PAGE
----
Even if we have not yet arrived at the Cold War, the current situation is beginning to remember it seriously. On March 22, relations between China and Western countries experienced an escalation in the ever less muffled clash over the fate of the Uyghurs in western China.
In coordinated diplomatic action, the European Union, the United Kingdom, the United States and Canada have announced individual sanctions against Chinese officials involved in the repressive maneuver against the Uighurs.
Beijing’s reprisals against Europe immediately came, with sanctions imposed on ten leading figures, including five MEPs (including the French Raphaël Glucksmann and the German green Reinhard Bütikofer, president of the parliamentary delegation for relations with China), as well as a research institute and a parliamentary association.
It is difficult to calm down
A paradox emerges in the Chinese response. European sanctions target people directly linked to the repression in Xinjiang, the security apparatus, the state economic machine and the Chinese Communist Party. The Chinese response, on the other hand, focuses on people who are critical of Chinese politics and consequently on their freedom of expression as parliamentarians, researchers or citizens, without reference to specific acts.
There is evidently a symbolic value in individual sanctions. Depriving Raphaël Glucksmann or another deputy of the opportunity to travel to China will not prevent him from living. The member of the Socialist Group in the European Parliament, particularly eloquent in defending the cause of the Uyghurs, even boasted about Twitter on March 22.
It is useful to know that these are the first European sanctions against China after the arms embargo imposed in the aftermath of the 1989 Tiananmen Square massacre, just as Beijing’s response is unprecedented. Imposing sanctions is easier than lifting them, which means a return to calmer waters will be difficult.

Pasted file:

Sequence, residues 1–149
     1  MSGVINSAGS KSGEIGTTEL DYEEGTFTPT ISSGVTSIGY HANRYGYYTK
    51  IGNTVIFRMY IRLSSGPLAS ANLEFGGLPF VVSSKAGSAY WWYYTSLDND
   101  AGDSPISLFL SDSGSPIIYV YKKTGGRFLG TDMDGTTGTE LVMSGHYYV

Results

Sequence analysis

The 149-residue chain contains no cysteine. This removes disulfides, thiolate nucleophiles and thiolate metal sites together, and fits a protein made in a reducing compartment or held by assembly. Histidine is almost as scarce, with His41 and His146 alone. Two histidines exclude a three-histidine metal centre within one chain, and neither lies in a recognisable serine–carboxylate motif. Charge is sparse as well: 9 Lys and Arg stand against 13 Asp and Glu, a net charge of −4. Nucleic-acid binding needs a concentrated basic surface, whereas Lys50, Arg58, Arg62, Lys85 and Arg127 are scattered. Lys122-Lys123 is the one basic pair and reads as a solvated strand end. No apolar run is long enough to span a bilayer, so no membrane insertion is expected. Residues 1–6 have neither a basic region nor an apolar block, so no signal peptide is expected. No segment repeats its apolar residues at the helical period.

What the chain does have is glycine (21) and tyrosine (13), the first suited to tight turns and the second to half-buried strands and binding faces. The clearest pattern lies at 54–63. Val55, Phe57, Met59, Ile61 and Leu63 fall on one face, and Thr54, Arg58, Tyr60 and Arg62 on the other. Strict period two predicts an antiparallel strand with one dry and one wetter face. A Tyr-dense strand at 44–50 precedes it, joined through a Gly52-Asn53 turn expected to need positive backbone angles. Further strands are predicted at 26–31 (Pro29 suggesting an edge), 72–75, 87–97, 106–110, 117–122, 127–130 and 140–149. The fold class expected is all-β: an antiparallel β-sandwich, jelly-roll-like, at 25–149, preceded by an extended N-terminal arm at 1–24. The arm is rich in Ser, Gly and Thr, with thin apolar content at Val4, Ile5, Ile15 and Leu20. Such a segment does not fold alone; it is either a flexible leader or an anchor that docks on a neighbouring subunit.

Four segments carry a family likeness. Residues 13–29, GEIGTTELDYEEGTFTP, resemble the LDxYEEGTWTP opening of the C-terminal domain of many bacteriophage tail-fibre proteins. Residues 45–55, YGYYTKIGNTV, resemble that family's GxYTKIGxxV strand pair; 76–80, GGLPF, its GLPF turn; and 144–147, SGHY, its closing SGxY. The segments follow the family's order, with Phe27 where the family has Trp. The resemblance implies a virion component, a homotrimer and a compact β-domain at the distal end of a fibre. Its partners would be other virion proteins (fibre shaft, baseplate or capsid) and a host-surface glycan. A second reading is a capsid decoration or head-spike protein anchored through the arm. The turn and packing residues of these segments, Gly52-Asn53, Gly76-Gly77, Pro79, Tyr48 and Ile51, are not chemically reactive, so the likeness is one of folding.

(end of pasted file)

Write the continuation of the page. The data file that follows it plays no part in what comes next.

New ideological rift
On the other hand, China, by specifically hitting the European parliament, has compromised the ratification (which already promised to be problematic) of the Sino-European treaty on investments negotiated in December. Numerous deputies had criticized the inconsistency of Chinese commitments on the subject of forced labor imposed on Uyghurs.
We are not yet in the cold war, because it is not possible to pass in the blink of an eye from a globalized world in which China occupies a primary role in economic production to a world of latent war, where the blocks are separated.
But we must not be under any illusions. On March 22, we witnessed exceptional coordination among Westerners to strike Beijing. It is the first sign of Joe Biden’s commitment to reinvigorating the politics of alliances. Meanwhile, the Chinese staged a meeting with Russian Foreign Minister Sergei Lavrov in the idyllic setting of Guilin, southern China, to show a united front after last week’s stormy Sino-American summit in Alaska. One of the themes of the meeting? How to do without the dollar.
A slide towards a new ideological rift is underway, and the Europeans who hoped to avoid it find themselves dragged in spite of themselves. China, with its intransigence and the new radicalism of its diplomacy, is pushing the Europeans to take sides. At this point it is difficult to imagine that anything could stop the deterioration of relationships, at least in the short term.
(Translation by Andrea Sparacino)